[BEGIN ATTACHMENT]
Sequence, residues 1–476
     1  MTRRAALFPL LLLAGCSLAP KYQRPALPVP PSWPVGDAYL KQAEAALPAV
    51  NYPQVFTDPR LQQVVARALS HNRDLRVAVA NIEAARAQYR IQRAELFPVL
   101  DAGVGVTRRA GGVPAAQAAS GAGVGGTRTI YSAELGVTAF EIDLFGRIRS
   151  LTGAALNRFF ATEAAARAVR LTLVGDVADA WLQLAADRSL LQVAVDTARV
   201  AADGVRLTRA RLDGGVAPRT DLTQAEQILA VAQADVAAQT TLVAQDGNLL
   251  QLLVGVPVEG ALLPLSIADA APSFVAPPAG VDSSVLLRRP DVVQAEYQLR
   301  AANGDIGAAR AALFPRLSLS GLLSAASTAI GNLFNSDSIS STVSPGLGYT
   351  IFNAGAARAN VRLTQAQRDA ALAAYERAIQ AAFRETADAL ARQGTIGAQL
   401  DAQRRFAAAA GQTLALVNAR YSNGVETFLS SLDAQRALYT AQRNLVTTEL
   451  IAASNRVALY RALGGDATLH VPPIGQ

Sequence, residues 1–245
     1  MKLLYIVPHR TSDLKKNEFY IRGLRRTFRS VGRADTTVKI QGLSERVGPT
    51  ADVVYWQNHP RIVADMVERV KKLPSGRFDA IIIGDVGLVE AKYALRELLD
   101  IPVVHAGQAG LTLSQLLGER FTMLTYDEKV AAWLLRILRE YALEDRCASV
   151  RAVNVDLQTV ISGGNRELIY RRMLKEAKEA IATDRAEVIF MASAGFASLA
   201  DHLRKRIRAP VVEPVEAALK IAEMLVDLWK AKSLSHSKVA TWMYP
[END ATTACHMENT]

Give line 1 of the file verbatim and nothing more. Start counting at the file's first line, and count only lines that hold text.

Sequence, residues 1–476